u c f c

c= f cd

 

 0 95

2 3

. ' (5)



d f f c K



f c t




+ + +

9 38. 0 009. 0 147. ' 3 07. 0 193. 0 004. 0.1123E l d




u d

l k c

d k f

c= + d sv t

 

 + +

 


0 76. 2 24. 3 27. 1 2ρ (7)

Where uc is the ultimate bond strength, fc' is 28 days concrete compressive strength, cmin is minimum concrete cover, d is diameter of the embedded bar, ld is embed- ded length of the bar, fcm is mean compressive strength of concrete, cf is factor for steel fibers taken as 1 when

V l

d c V l


V l d

f f

f f f f


f f f

≤0 25. and = +1 0 34. for >0 25. is con- crete cover lf is length of steel fibers, df is diameber of steel fibers, ft is tensile strength of concrete, K is fibers content in kg/m³, Ec is modulus of elasticity of concrete, ρsv is trans- verse reinforcement ratio, k1 and k2 are constants with val- ues of 0.32 and 17.74 in case of steel fiber reinforced high- strength concrete.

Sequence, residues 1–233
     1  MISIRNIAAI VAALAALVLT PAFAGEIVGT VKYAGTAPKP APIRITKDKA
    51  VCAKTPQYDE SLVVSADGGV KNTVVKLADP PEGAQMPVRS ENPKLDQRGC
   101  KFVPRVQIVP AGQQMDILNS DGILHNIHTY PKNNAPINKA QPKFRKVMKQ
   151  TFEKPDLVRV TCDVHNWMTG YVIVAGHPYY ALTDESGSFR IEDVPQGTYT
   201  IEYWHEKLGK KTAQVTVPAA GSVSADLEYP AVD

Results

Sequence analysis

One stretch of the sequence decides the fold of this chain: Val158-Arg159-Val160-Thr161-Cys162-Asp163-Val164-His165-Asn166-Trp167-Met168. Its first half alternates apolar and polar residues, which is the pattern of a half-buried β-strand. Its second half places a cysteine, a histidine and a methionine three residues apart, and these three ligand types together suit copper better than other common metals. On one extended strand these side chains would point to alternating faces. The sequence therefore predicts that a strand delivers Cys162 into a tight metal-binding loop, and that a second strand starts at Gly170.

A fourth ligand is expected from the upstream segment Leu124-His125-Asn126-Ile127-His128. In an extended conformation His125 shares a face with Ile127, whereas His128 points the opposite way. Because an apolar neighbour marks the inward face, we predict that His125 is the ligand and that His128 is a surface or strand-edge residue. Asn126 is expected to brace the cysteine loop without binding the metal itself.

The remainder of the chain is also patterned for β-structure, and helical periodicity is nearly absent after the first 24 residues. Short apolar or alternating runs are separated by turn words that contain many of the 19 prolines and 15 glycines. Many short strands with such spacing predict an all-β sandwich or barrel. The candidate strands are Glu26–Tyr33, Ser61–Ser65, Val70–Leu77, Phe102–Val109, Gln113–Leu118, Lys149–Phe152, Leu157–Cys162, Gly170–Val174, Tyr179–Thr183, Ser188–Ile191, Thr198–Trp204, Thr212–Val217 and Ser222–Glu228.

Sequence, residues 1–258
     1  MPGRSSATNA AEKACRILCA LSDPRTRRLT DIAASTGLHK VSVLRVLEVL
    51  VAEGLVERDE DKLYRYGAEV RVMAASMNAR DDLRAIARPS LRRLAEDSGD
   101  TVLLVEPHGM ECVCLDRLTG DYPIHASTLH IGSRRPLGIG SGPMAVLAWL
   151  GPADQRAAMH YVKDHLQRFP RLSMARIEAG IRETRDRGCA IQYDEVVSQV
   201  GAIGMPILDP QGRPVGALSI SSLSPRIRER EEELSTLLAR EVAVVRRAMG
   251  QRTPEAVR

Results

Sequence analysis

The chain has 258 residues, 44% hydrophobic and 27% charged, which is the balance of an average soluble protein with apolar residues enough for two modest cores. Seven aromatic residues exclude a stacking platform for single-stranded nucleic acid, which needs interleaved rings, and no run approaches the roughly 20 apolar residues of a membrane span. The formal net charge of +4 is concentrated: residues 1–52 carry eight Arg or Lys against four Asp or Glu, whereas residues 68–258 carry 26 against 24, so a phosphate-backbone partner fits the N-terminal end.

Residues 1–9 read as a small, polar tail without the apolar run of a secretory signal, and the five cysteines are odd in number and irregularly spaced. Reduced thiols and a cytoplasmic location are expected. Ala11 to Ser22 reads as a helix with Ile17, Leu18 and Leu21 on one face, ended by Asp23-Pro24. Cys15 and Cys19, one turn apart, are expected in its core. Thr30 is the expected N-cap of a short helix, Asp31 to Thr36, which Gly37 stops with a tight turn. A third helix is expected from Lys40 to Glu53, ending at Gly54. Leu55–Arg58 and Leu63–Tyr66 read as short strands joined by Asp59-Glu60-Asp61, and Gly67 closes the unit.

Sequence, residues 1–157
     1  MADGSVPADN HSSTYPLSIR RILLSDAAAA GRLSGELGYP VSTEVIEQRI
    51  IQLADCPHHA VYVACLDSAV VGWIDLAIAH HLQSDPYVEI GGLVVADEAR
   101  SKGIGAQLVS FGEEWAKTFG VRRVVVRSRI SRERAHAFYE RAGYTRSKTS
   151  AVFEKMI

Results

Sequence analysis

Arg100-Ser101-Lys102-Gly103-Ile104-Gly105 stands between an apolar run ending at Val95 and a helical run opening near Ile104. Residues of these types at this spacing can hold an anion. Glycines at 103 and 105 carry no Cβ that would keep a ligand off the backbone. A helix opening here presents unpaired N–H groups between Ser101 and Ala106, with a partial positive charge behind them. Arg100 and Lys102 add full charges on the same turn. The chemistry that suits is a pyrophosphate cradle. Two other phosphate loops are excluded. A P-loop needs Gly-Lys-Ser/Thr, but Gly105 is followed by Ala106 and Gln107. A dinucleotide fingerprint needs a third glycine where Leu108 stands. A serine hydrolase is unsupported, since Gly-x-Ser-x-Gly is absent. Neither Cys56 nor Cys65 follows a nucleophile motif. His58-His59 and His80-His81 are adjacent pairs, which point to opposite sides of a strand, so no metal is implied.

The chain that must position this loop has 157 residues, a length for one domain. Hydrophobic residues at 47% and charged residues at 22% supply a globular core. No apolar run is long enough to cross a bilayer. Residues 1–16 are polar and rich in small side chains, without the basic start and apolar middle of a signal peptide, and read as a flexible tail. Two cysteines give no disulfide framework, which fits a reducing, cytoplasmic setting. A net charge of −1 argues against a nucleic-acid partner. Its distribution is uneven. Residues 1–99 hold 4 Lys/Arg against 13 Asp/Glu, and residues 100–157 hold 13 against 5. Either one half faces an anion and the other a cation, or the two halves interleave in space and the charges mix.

Calculations are performed using all these equations and the results for predicted bond strength are summa- rized in Table 5.

Fig. 10 graphically presents the experimental bond strength results in the current study and those calculated using equations proposed in previous studies. Orangun et al. [33] and MC2010 [34] equations do not consider the effect of steel fibers addition into concrete on the ultimate bond strength and thus results in conservative values. Equ- ations proposed by Harajli [35], Yazici and Arel [36] and Li et al. [37] take into account the effect of steel fibers addi- tion into concrete, however, Yazici and Arel [36] equation